Susan B. Sisson, PhD, RDN, CHES, FACSM

Associate Professor

E-mail: Susan Sisson

(405) 271-2113 Ext. 41176

Member, Alpha Eta Honor Society

Post-Doctoral Fellow, Population Science Group, Physical Activity Epidemiology Laboratory, Pennington Biomedical Research Center, 2007-2009

Post-Doctoral Fellow, Department of Psychology, Health Psychology, University of South Carolina, 2006-2007

PhD, Exercise and Wellness, Arizona State University, Assistant Director Walking Research Laboroaty, Mesa, Arizona, 2006

MS, Exercise Science and Health Promotion, University of Oklahoma, Norman, Oklahoma, 2003

BS, Kinesiology and Health Studies, University of Central Oklahoma, Edmond, Oklahoma, 2000

NS 5233 Research Methods
NS 5553 Nutritional Epidemiology
NS 5823 Energy Nutrients
NS  5970 Seminar
AHS 6970 Seminar


Selected publications, see CV for complete list 

Sisson, S.B., Smith, C.L., Cheney, M. Big Impact on Small Children: Child-Care Teacher’s Perceptions of their Role in Early Childhood Obesity Prevention. (2017). Child Care in Practice, in press.

Sisson, S.B., Kiger, A.C., Anundson, K.C., Rasbold, A.H., Krampe, M., Campbell, J.E., DeGrace, B., Hoffman, L.A. Differences in Dietary Intake of Young Children at Childcare and Home. (2017). Preventive Medicine Reports, 6(2017) 33-37. PMID: 5318345

Swyden, K., Sisson, S.B., Sheffield-Morris, A., Lora, K.R., Weedn. A., Copeland, K.A., DeGrace, B. Association Between Maternal Stress, Work Status, and Feeding Practices Among Preschool Children. (2017). Journal of Maternal and Child Health, doi:10.1007/s10995-016-2239-y. PMID: 28138826

Sisson, S.B., Stephens, L., Campbell, J.E., Lora, K.R., Arnold, S., Horm, D., Li, J., Stoner, J., DeGrace, B. Childcare Center Environment and Obesogenic Behaviors in Young Children. (2017). Journal of the Academy of Nutrition and Dietetics, 1(17): 433-440. PMID: 27927584

Sisson, S.B., Li, J., Arnold, S., Lora, K.R., Stoner, J., DeGrace, B.,  Campbell, J.E., Horm, D., Stephens, L. Obesogenic Child Care Center Environment and Obesity in Preschool Children. (2016). Preventive Medicine Reports, 3(2016), 151-158. PMID: 4929137

Swyden, K., Sisson, S.B., Castle, S., Lora, K.R., Copeland, K., Child Care Status and Childhood Obesity: A Narrative Review of Literature. (2017). International Journal of Obesity, 41(1):1-12 PMID: 27811950.

Dennison, M., Sisson, S.B., Sheffield-Morris. Obesogenic Behaviors and Depressive Symptoms in Children: A Narrative Literature Review. (2016). Obesity Reviews, 17, 735-757. PMID: 27138864

Recent funding, see CV for complete list

Project Title: Preschools, Parents and Physicians: Working Together to Curb Obesity in American Indian Children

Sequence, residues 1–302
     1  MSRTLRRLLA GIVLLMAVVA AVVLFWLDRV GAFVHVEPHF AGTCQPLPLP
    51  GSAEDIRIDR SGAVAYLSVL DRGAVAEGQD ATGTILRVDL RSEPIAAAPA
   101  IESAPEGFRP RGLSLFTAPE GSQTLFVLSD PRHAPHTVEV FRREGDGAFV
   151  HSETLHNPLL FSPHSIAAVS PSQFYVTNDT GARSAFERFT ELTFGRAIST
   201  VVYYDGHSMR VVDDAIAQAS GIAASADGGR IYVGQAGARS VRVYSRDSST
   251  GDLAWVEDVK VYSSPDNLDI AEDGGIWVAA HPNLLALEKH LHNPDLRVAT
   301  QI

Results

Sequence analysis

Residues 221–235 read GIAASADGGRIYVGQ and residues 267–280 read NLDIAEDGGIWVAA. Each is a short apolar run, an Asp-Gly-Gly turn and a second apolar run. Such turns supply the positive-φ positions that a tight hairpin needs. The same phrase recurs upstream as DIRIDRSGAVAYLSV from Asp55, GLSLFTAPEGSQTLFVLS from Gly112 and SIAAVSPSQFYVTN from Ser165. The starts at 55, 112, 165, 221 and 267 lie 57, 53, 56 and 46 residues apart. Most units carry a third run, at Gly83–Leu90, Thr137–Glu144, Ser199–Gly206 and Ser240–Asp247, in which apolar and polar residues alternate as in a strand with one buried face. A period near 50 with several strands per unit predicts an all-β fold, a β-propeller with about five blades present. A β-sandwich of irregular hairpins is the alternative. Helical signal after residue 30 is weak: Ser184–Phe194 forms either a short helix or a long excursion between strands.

Dates:  July 2015 to June 2016

The purpose of this project is to Understand knowledge, attitude, and beliefs about obesity prevention in young American Indian children from different stakeholders perspectives. Work collaboratively with stakeholders to develop an intervention to prevention obesity in American Indian children. This project is supported by Presbyterian Health Foundation.

Project Title: Healthy Child Care Environment & Child Health Comparison of Two Observation Tools

Dates: May 2013-June 2014

The purpose of this project is to determine the ability of current state wide child care assessments (Early Childhood Environment Rating Scale vs. ECERS) to predict obesogenic environments (Environment & Policy Assessment Observation, EPAO) & child behaviors. This project is supported by the Infants, Toddlers, Twos & Threes Center.

Dr. Sisson conducts her research in the Behavioral Nutrition and Physical Activity Laboratory in the Department of Nutritional Sciences at the University of Oklahoma Health Sciences Center. Research in the lab focuses on physical activity and sedentary behavior epidemiology and related risk behaviors such as the consumption of poor quality food. Other research interests include the influence of the physical and social environment on food consumption and physical activity behaviors and the impact of sedentary lifestyle on chronic diseases such as obesity as well as intervention development and evaluation to combat sedentary lifestyle and poor food choices. Children and disadvantaged populations are of particular interest.

Could your child's daycare diet be leaving him full, but malnourished? 

Dr. Susan Sisson, researcher at the College of Allied Health Department of Nutritional Sciences says the answer is “Yes.” 
Their study found many Oklahoma child care centers are providing plenty of calories in their meals, but not necessarily enough of the right nutrients for growing minds and bodies. 

And that may also contribute to childhood obesity.

Preschoolers Starving for Nutrition